Klaus Barbie

(redirected from Barbie Trial)
A captain of the Gestapo known as the ‘Butcher of Lyon’ who is believed to have been responsible for the deaths of 4,000 Jews and French resistance fighters in World War II. Like many Nazis, Barbie (1913-1991) fled to South America.
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References in periodicals archive ?
For example, situating into French History Jeunet's earlier films, Delicatessen and La Cite des enfants perdus, allows Ezra to present some convincing correlations between film narratives and their contemporaneous contexts, evoking the Klaus Barbie trial, the French colonial project, and the conflict in Algeria.
The passage from our book that Coughlin mis-cites is clearly an imputation to a generation of French lawyers, politicians, and culture leaders; we do this imputing at the end of a dense four-page paraphrase of Binder's famous article about the Barbie trial.(47) Anyone who had read this passage in the book would have discovered the quoted phrase only at the end of the passage, and so would fully understand the context in which it occurs.
In his treatment of the Barbie trial, Binder illustrates how symbolic and expressive elements can predominate over instrumental concerns in a war crimes trial.
And the relevant passage from our book (paraphrasing Binder's original) states: Although represented by different parties at the Barbie trial, the identity crises of Judaism and of the French left are outgrowths of a common culture of despair that paralyzes moral choice in the wake of Nazi atrocities.
Does the category possess an independent existence?(62) At Nuremberg, Julius Streicher was tried exclusively on this ground, and even then it was made clear that crimes against humanity could be carried out only in the context of an aggressive war.(63) Yet, in the Eichmann trial, it was suggested that this link was not necessary to sustain a conviction on the count of crimes against humanity.(64) Meanwhile, in the Barbie trial, the defendant himself, in a rare outburst, accused the Tribunal of blurring the distinction between war crimes and crimes against humanity.(65)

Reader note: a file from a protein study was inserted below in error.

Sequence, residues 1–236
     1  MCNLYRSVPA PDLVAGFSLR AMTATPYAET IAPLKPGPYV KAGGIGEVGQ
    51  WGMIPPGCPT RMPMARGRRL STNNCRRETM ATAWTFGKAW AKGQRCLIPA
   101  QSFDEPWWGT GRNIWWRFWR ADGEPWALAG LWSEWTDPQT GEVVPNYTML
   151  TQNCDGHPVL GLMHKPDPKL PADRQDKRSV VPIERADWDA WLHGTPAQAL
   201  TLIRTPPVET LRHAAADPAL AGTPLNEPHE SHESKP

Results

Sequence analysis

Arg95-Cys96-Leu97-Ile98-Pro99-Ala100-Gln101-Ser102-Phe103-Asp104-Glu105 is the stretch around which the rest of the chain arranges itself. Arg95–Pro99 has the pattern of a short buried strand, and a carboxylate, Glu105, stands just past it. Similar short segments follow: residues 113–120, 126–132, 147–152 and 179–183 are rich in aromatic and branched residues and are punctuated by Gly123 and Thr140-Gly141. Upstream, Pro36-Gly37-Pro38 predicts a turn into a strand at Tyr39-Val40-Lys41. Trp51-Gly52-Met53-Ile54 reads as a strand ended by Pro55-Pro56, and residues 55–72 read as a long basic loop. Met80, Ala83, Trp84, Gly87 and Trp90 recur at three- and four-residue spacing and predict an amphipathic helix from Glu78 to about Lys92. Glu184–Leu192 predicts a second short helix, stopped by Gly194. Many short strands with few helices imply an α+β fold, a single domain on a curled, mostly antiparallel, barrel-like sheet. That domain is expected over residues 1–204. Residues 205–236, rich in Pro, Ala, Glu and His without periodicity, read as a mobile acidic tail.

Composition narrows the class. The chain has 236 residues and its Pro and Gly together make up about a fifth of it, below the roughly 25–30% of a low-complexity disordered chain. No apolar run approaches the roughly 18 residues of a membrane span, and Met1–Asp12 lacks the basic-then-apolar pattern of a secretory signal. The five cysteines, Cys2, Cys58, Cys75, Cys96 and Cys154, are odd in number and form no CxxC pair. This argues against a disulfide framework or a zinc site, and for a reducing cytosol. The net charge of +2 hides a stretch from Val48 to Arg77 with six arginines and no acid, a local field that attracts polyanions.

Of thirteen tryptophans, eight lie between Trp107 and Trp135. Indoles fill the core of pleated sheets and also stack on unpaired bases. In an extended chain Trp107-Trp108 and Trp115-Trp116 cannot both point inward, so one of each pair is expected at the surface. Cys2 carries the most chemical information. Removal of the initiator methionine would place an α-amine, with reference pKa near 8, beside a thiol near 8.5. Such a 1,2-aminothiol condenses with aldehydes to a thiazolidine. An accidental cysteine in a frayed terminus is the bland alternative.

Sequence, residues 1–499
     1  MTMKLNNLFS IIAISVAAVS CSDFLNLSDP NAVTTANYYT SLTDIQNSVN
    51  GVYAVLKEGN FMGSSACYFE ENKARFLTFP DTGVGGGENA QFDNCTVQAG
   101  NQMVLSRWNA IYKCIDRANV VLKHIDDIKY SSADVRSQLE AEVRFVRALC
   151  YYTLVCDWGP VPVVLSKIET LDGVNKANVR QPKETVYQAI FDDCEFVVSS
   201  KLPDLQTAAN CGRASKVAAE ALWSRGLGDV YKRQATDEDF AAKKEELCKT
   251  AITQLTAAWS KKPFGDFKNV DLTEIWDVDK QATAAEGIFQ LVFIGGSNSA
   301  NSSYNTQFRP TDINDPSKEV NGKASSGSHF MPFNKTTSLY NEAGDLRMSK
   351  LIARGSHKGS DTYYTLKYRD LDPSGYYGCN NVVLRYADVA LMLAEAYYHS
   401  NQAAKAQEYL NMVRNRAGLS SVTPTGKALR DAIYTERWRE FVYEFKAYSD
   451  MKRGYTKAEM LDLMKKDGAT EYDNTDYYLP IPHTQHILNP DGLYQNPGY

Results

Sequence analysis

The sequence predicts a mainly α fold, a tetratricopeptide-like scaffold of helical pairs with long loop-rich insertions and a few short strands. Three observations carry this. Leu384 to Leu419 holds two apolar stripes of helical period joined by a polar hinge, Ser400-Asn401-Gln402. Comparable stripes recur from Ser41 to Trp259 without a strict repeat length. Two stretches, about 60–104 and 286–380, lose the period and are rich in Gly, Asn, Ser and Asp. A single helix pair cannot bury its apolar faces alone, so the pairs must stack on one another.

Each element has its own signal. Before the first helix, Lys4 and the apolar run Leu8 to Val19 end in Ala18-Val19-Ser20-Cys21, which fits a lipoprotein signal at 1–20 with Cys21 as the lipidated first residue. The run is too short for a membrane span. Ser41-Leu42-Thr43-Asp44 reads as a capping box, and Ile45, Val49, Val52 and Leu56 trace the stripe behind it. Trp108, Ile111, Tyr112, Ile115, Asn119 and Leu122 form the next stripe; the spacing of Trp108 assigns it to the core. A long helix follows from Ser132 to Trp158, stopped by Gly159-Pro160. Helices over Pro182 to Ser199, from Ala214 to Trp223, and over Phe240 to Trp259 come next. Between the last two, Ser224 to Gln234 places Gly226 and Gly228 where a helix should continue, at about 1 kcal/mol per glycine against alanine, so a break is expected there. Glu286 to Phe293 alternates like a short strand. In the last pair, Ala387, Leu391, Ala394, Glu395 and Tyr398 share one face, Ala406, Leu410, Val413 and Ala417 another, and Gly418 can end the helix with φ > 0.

In her introduction to Alain Finkielkraut's book on the Barbie trial, Remembering in Vain, Alice Kaplan describes the trial as a "pedagogical event,"(104) which she claims "resuscitated history and made it into a current event."(105) Finkielkraut himself remarks that the "historical present [was] transmuted into a judicial present."(106) This indeed is a continual and relentless theme of all war crimes commentary and rhetoric.
The trial was important not just for France as a possible legitimation tool, but also for Israel.(135) The Israeli Ambassador to France, Ovidiah Sofer, did not miss the opportunity to recall Ben-Gurion when he said on the steps of the courthouse, "`terrorists are today's Nazis and S.S.'"(136) In a wonderfully iconoclastic assessment of the Barbie trial, Guyora Binder shows how these various strategies were not only at odds with each other but also came into conflict with the Jewish narrative of their role in the Barbie saga.(137)
Similarly, a message of the Barbie trial is that torture in Algeria is not a war crime or that Vichy France was not as anti-semitic as Nazi Germany.(140) The Australian legislation central to Polyukhhovich excludes Indonesian brutalities in East Timor(141) from its definition of war crimes.(142) The singular nature of Calley implies that U.S.
See also ALAIN FINKIELKRAUT, REMEMBERING IN VAIN: THE KLAUS BARBIE TRIAL AND CRIMES AGAINST HUMANITY 37 (Roxanne Lapidus & Sima Godfrey trans., 1992) ("[W]hat remains from World War II is a word: Nazi.
(172) In the words of Jacques Verges, speaking to the court in the Barbie trial, "'You are not here to condemn an ideology.
In the first two-thirds of the book five succinct chapters take us from invasion to epuration and for good measure we are reminded that in the Barbie trial and the affaire Touvier painful scars remain.